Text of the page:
Rutgers power point


Published on


Published in: Education
  • Be the first to comment

  • Be the first to like this

No Downloads
Total views
On SlideShare
From Embeds
Number of Embeds
Embeds 0
No embeds

No notes for slide

Rutgers power point

  1. 1. Classroom Quality, Concentration of Children With Special Needs, and Child Outcomes in Head Start Presented by Cheshta Khurana, Krishna Malyala, Tracy Perron, Wei Wei Song, Mary Thomas & Carissa Visicaro
  2. 2. Article Overview <ul><li>In this article the associations among classroom quality, classroom percentage of children with special needs and child outcome measures were tested in low and high quality classrooms using hierarchical linear modeling (HLM). </li></ul><ul><li>( Gallagher & Lambert, 2006 ) </li></ul>
  4. 4. Classroom Dynamics
  6. 6. Four Instruments Used
  7. 7. The Assessment Profile for Early Childhood Programs: Research Edition II <ul><li>The purpose was to evaluate the learning environment and teaching practices in classrooms for young children. </li></ul>
  8. 8. Five Scales
  9. 9. Validity <ul><li>The content validity was proved by a wide variety of early childhood professionals and a cross-reference of the items with the initial National Association for the Education for Young Children (NAEYC) Accreditation Criteria. </li></ul><ul><li>For the criterion-related validity there was a significant correlation (r=0.64, p<0.001; r=0.74 p<0.000). The reliability coefficients for the five scales is between (0.81, 0.98) for the Spearman-Brown corrected split-half. IRT-based reliability coefficients for the five scales is between (0.83, 0.91). </li></ul>
  10. 10. The Adaptive Social Behavior Inventory <ul><li>The purpose was to measure children’s social functioning in the classroom and offer a balanced teacher assessment of the social dimensions of the development. </li></ul>
  11. 11. Instrument yields four scores
  12. 12. Reliability Coefficients
  13. 13. The Metropolitan Early Childhood Assessment Program Pre-Literacy Inventory <ul><ul><li>The purpose was to asses print concepts, story retelling and pre-writing skills to 4 to 6-year olds. </li></ul></ul>
  14. 17. Reliability <ul><li>The Metropolitan Early Childhood Assessment Program Pre-Literacy Inventory has a concurrent validity correlation on 0.62 with the Metropolitan Readiness Test Composite Score. </li></ul>
  15. 18. Family and Child Experiences Survey (FACES) <ul><li>The purpose was to collect family variables. </li></ul>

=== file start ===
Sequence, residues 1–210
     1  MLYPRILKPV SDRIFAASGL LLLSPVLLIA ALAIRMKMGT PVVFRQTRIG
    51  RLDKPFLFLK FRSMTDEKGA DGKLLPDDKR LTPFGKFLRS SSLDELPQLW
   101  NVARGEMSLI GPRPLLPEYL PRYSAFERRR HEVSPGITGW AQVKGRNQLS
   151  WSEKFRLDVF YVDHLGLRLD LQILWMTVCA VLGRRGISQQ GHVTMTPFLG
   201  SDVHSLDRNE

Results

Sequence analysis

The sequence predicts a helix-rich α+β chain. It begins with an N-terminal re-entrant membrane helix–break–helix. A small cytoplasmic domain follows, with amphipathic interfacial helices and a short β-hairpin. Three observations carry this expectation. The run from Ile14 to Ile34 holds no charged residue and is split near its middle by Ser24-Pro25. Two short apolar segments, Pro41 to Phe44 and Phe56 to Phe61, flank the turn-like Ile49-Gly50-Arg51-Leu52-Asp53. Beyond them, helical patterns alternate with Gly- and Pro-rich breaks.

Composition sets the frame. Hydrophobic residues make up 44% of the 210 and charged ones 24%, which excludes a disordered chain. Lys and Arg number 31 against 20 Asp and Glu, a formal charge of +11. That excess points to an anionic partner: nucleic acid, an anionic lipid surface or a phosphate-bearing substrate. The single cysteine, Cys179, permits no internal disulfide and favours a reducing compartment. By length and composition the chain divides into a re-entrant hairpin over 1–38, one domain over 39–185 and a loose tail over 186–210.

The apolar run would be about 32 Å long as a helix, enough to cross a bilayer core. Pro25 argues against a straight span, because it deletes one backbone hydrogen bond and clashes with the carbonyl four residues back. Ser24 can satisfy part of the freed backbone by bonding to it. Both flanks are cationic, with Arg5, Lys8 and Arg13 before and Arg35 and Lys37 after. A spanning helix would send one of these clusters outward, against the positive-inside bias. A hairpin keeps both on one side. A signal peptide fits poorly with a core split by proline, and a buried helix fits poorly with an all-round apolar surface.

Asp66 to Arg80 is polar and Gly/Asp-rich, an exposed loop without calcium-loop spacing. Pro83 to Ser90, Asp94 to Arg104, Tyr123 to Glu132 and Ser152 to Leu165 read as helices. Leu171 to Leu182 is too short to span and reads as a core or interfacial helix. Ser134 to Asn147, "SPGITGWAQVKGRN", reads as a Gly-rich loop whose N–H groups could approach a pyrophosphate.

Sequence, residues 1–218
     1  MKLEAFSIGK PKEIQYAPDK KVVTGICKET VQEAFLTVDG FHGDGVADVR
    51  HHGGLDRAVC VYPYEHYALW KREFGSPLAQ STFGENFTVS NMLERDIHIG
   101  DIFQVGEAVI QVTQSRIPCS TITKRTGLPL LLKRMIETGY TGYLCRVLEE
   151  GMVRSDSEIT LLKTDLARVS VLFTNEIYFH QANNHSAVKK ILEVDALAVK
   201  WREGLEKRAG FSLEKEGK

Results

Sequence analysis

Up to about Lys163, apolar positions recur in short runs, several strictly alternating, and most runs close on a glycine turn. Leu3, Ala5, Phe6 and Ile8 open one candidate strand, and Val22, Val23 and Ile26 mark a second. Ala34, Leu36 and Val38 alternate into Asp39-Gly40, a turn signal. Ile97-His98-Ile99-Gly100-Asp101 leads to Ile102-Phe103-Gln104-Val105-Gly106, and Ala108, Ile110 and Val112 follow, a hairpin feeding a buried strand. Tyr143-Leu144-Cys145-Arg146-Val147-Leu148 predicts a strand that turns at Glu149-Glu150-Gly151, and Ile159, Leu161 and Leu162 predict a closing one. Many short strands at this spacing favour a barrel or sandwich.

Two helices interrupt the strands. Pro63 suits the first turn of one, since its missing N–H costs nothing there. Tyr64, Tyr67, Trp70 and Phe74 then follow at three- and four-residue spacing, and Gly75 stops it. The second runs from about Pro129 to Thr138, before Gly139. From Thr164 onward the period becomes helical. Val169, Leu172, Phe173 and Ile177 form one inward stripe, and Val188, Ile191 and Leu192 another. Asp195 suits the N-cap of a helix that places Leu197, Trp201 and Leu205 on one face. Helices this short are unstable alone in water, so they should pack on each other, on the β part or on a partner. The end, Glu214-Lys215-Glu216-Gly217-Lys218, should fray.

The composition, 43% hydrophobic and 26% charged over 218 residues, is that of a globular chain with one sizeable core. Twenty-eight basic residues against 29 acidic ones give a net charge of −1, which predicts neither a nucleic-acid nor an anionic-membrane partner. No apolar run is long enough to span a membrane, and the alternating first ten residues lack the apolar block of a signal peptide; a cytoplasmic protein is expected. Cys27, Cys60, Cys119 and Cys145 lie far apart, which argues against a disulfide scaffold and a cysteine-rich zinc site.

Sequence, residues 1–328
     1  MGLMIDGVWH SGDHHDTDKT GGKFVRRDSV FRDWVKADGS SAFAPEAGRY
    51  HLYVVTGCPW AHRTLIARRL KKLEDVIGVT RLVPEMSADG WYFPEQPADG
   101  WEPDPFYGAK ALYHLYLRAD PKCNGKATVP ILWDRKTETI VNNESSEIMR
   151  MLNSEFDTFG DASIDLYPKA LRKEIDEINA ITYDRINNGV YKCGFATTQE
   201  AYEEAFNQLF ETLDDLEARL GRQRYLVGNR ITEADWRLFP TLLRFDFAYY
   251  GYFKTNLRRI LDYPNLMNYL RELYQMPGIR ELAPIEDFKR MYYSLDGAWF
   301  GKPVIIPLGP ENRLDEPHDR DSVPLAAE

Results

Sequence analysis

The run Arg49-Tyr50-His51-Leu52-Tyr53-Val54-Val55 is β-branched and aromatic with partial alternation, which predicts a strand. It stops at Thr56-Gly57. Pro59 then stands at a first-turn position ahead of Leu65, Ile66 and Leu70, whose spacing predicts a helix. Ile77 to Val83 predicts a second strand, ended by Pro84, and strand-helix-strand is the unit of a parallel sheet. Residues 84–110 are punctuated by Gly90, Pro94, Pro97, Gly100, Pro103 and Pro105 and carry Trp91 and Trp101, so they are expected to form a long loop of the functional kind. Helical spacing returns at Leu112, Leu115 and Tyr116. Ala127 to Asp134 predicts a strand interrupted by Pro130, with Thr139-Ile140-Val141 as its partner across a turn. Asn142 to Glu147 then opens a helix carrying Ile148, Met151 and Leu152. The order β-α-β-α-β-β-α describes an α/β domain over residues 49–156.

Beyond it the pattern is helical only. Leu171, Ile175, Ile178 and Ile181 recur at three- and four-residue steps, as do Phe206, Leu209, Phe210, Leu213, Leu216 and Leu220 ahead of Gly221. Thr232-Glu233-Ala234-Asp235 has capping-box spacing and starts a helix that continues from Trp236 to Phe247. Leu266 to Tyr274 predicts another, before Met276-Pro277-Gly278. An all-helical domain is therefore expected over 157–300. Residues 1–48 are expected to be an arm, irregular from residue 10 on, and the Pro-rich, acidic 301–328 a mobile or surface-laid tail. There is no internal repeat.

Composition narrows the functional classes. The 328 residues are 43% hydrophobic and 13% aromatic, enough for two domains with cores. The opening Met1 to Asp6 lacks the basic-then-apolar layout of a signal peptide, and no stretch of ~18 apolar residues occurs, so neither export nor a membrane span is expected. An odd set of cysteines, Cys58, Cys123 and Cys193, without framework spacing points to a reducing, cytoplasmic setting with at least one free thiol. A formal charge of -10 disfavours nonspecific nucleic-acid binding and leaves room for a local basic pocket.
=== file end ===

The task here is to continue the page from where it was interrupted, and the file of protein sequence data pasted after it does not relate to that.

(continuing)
16. 19. Question Categories <ul><li>Household composition </li></ul><ul><li>Demographic background variables </li></ul><ul><li>Out-of-home care </li></ul><ul><li>Services the child has received </li></ul><ul><li>Satisfaction with Head Start services </li></ul><ul><li>Parental involvement in the program </li></ul><ul><li>Home learning activities </li></ul><ul><li>Services for children with special needs </li></ul><ul><li>The child’s social behavior </li></ul><ul><li>The child’s development </li></ul><ul><li>The transition to kindergarten </li></ul><ul><li>Household routines </li></ul><ul><li>Health and safety related issues </li></ul><ul><li>A broad range of home and neighborhood characteristics </li></ul><ul><li>Caregiver depression </li></ul><ul><li>Locus of control and social support </li></ul>
  17. 20. Results <ul><li>The majority of the variance in each outcome independent of the source (parent, teacher or other assessor) was found to be within the classrooms. </li></ul><ul><ul><li>Outcomes include: social behavior, parental report of problem, pre-literacy, print concepts and story retelling. </li></ul></ul><ul><li>For the child-level models older children scored higher teacher ratings on the comply, express and prosocial scores and received higher scores on print concepts and story retelling. </li></ul><ul><ul><li>Boys were rated by their teachers as being less compliant, less expressive, more disruptive and had fewer prosocial behaviors than girls. Their parents also rated them to have more problem behaviors. </li></ul></ul>
  18. 21. Results Con’t <ul><li>Overall, children with more positive home environments (no exposure to violence, educated and involved parents, ect.) scored higher academically and had fewer reports of problem behavior. </li></ul><ul><li>Overall, children with special needs were reported as scoring lower academically than normal developing children and were reported as having more problem behaviors. </li></ul><ul><li>There were no associations found between class size, child to adult ratios or percentage of boys and the factors studied. </li></ul>
  19. 22. Results Con’t <ul><li>Children who had teachers with higher quality classrooms scored higher on academic outcomes than children who had teachers with low quality classrooms. </li></ul><ul><li>Children who had a higher percentage of special needs children in their class scored significantly higher on academic outcomes than children who had a low percentage of special needs children in their class. </li></ul>